On June 28th, the Presidential Advisory Commission on Election Integrity sent a letter to all state Secretaries of State requesting voter information. The commission is charged through a presidential executive order to study alleged voter fraud in the 2016 election. But many states are balking. Vermont Secretary of State Jim Condos initially said he would provide only publicly available information. This week, he changed his mind and determined he would not send any voter information to the commission.
The June 28th letter from Commission Vice Chair Ken Kobach requests public and private data.
In his response two days later, Vermont Secretary of State Jim Condos said he was bound by law to provide the state’s publicly available voter file. But on July 3rd he retracted that and said Vermont will not provide any information to the commission. “Our struggle is that this advisory commission has stated that whatever information is received by them will be made public. We have some pretty strict laws around this. And even the public files in order to receive it you have to sign an affidavit that says you will not use the file for commercial purposes. If they turn around and make it completely available to the public that would be available to commercial entities thereby going around our law. We also have another law that was just enacted here in Vermont which looks at what information we can provide federal organizations that are trying to build registration databases. So we’re looking at that law as well.”
Condos is consulting with his staff and the Vermont Attorney General regarding the state’s options. “It is our intent at this point in time to not provide them any information because we believe first of all that this is a bogus commission chasing a well-established myth of widespread voter fraud. People talk about voter fraud and they talk about people voting twice. We have a hard enough time getting people to vote once, never mind twice! To me the real voter fraud, the true voter fraud, is when any eligible American or Vermonter is denied that opportunity to cast a ballot.”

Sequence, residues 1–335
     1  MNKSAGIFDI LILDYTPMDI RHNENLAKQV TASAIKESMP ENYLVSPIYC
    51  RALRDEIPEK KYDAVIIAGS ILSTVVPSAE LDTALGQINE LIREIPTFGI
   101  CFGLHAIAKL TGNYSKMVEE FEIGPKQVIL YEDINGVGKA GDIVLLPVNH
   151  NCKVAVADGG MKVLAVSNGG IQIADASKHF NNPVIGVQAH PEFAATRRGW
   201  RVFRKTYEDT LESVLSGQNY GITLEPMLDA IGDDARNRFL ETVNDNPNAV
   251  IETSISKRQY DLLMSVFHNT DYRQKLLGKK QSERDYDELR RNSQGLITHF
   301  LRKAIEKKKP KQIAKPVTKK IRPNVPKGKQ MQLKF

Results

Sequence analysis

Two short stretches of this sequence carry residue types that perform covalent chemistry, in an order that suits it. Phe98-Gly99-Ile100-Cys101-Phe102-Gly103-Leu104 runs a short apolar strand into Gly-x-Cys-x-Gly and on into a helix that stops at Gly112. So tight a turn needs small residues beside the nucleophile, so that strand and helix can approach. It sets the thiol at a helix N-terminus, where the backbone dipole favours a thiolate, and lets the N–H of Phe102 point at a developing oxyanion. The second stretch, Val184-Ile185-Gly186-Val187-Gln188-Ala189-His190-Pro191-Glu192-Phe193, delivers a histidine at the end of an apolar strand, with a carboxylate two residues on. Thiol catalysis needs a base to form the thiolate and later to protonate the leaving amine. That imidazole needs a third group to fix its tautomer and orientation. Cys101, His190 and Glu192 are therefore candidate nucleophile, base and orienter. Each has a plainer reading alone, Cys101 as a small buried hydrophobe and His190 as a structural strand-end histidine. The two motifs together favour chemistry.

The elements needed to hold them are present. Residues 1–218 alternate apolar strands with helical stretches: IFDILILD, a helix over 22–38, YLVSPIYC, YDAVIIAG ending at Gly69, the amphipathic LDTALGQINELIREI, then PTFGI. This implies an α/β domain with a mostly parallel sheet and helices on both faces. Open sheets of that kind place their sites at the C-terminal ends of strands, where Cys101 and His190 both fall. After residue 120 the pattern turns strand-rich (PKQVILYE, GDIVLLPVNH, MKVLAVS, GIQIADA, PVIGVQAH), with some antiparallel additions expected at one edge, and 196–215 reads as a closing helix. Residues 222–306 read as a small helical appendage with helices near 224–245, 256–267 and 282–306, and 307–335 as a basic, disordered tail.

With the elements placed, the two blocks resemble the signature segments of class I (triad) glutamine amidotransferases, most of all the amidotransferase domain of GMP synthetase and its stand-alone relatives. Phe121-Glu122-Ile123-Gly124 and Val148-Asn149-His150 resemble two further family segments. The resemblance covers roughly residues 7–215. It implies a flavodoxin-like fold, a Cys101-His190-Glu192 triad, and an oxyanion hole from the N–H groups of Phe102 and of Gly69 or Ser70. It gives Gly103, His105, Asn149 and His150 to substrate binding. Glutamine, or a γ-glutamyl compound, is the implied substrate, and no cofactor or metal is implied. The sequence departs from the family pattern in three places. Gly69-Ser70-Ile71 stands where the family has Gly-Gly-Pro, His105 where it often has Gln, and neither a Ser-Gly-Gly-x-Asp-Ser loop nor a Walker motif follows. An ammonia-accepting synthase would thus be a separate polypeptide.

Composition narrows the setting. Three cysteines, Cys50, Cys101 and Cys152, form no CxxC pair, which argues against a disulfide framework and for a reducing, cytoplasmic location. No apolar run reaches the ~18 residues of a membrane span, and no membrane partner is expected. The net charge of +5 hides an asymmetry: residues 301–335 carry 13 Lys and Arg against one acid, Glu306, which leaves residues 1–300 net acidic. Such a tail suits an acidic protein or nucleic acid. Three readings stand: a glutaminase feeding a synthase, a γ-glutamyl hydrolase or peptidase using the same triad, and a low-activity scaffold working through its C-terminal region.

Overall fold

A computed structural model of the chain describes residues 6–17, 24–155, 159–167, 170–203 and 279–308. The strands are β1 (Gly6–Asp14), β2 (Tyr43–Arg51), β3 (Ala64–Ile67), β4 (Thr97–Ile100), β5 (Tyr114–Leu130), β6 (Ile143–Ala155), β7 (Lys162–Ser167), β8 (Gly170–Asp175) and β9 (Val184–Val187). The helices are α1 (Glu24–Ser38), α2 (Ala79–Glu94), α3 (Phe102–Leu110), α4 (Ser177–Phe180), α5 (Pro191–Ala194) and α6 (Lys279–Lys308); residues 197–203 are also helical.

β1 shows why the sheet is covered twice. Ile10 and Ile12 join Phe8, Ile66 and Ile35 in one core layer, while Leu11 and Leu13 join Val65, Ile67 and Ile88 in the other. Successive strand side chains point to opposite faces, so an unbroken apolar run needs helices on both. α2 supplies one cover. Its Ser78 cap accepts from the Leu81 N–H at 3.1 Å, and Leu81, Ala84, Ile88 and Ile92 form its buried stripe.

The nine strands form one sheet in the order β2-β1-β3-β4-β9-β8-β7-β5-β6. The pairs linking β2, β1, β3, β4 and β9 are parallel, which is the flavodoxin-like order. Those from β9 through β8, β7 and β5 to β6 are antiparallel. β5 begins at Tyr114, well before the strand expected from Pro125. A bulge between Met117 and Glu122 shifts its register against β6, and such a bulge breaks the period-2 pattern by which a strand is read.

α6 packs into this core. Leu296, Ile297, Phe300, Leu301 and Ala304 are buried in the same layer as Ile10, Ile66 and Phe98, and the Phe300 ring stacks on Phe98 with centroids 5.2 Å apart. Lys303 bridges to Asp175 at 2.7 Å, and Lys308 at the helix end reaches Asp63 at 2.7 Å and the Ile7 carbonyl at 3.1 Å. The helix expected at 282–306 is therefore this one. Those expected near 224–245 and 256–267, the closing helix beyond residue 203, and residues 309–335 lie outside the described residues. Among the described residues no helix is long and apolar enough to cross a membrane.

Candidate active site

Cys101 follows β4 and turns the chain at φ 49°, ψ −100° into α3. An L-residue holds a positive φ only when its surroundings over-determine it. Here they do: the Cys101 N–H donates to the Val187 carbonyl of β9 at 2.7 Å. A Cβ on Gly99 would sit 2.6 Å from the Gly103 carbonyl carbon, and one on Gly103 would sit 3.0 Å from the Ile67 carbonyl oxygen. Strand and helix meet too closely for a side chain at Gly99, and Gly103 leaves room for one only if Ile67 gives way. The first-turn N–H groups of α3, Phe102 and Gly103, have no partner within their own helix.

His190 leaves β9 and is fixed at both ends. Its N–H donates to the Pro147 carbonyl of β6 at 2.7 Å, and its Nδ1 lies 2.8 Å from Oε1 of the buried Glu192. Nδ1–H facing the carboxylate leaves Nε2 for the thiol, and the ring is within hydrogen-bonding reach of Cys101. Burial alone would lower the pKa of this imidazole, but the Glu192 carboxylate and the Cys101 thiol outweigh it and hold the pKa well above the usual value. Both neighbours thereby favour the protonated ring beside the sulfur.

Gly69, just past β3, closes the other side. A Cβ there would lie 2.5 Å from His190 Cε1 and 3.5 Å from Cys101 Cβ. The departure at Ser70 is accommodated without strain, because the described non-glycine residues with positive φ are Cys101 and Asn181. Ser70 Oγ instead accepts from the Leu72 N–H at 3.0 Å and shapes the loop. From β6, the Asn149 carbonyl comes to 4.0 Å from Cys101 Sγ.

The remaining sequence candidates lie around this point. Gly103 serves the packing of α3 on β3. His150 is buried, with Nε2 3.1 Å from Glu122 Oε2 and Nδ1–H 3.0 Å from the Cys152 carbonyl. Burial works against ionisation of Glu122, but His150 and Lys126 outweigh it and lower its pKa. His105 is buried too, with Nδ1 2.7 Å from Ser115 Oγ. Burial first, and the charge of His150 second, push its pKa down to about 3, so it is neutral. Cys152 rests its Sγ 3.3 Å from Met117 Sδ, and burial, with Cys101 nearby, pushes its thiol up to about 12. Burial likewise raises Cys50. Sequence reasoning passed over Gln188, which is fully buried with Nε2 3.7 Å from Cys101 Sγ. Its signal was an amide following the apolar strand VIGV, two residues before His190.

Vermont’s Secretary of State says he hasn’t received a response from the commission for further information and clarification of intent. Condos is in Indianapolis this weekend for the annual conference of the National Association of Secretaries of State. A member of the executive committee, he expects the commission request to be a dominant topic.
Vermont Digger political columnist Jon Margolis is the retired Chicago Tribune D.C. Bureau Chief. He says Condos was encouraged to defy the commission in part by voter backlash to the request. "He was also emboldened by the response from other Secretaries of State and that he wasn’t alone. So he felt that he could speak out even more forcefully. And I also think they’re looking at the polling, such polling as there is, and not taking any great risk in at least offering some objections to this request.”
There are reportedly 44 states refusing to provide voter data. But the Commission website states: “… these reports are patently false, more ‘fake news.’ At present, only 14 states and the District of Columbia have refused the Commission's request for publicly available voter information.”